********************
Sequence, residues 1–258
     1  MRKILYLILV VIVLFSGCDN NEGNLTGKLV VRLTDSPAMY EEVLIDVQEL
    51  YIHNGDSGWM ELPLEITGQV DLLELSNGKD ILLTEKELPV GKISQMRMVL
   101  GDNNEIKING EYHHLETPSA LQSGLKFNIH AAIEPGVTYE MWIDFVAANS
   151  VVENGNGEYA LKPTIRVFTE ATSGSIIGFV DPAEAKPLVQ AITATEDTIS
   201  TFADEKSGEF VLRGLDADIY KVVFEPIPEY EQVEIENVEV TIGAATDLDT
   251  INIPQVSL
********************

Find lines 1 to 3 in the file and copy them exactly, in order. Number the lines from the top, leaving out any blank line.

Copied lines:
Sequence, residues 1–258
     1  MRKILYLILV VIVLFSGCDN NEGNLTGKLV VRLTDSPAMY EEVLIDVQEL
    51  YIHNGDSGWM ELPLEITGQV DLLELSNGKD ILLTEKELPV GKISQMRMVL